How Riley Green Took Hometown Success Nationwide: 'I Was Writing What I Knew'

Riley Green
Sam Crabtree

Riley Green

The rising country star also shares a behind-the-scenes look at the video for his breakout hit "There Was This Girl."

Riley Green didn't think he was a good singer growing up in the small town of Jacksonville, Ala. His first performances were at his grandfather's makeshift club he called the Golden Saw Music Hall, singing covers for an enthusiastic but mostly geriatric audience. It wasn't until Green started performing his own songs for crowds closer to his age that he realized his early listeners weren't just being nice. His hunch was right: The now-30-year-old singer is aiming to crack top 20 on country radio.

Sitting at No. 21 on the Country Airplay chart (dated Dec. 1) is Green's debut single “There Was This Girl,” a twangy love song inspired by the “dumber things” he has done for love. It’s a dream come true for an artist who, before he had any professional ambitions with music, knew the connecting power of songwriting. 

“On baseball trips, coaches used to let me take my guitar on the back of the bus and I'd write songs about people,” Green recalls. “It was really just a thing where I played around campfires and wrote songs my buddies would laugh about.”

A career in music first seemed tangible in 2015, when a booker for Birmingham venue Iron City called Green about playing a show there. A week prior, Chris Stapleton — then an up-and-coming artist — had played to a crowd that what was, Green estimates, about half the size of Iron City’s 1,300-person capacity, so Green assumed he’d sell even fewer tickets. Instead, he sold 900 pre-sale tickets and had sold 1,270 total by show time. “I had no idea that people even knew who I was then,” he says.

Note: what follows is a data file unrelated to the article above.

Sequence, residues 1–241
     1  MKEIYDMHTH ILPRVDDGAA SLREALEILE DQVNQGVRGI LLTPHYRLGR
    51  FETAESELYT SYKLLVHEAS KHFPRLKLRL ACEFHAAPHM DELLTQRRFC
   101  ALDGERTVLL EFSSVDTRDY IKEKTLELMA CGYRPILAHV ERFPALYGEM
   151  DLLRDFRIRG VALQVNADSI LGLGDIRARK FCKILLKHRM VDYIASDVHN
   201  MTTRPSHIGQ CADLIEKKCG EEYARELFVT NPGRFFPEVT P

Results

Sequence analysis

At that point, Green hadn’t spent any time in Nashville, let alone writing with any other songwriters. Instead, he wrote sincere songs like “Bury Me in Dixie” by himself and paid tribute to his hometown. “I didn’t have any choice but to write about what I knew,” he says. “It's funny, because I remember how simple the song was. Simple's a nice way of saying my writing is just dumb and plain, [but something] that people can relate to.”

Indeed: For the past four years, Green has played roughly a hundred shows each year, and he’s found that, even in cities like Chicago, fans sing along to his portraits of small-town life as if he were singing about their own hometowns. Green describes his success as “accidental,” which is perhaps his humble Southern way of saying he simply put in the work the old-fashioned way. No gimmicks, no viral moments, no co-signs from a more established artist, just playing shows — a lot of them. “I didn’t do anything better than anybody else,” he says. “[People] just came to my shows and streamed my music to where people in Nashville were like, ‘Holy hell, take a look at this.’” 

Credit his aw-shucks attitude to his home life — Green still lives in Alabama just down the road from all of his family. “I signed my publishing deal a week before I signed my record deal,” Green remembers. “I go home and I've signed to Big Machine, I have a song on the radio, and my mom's like, 'That's so great! You want macaroni and cheese?'”

He’s also making sure to give back to his fans. He filmed the video for “There Was This Girl” at Zydeco, another Birmingham venue where he used to play, and invited his longtime supporters to be in the video. “Those fans are the reasons I signed a record deal,” he says, adding with a laugh, “plus, I didn’t want to do any awkward acting.”

With plans to release his debut album in 2019, Green is hoping to grow his audience even further than he has with “There Was This Girl.” One thing that won’t change, however, is his work ethic. “If there's somewhere I can go play,” he says, “I'm going to do that until I've got a gray ponytail and I just can’t do it anymore.”

Get a behind-the-scenes look at the "There Was This Girl" video filming below.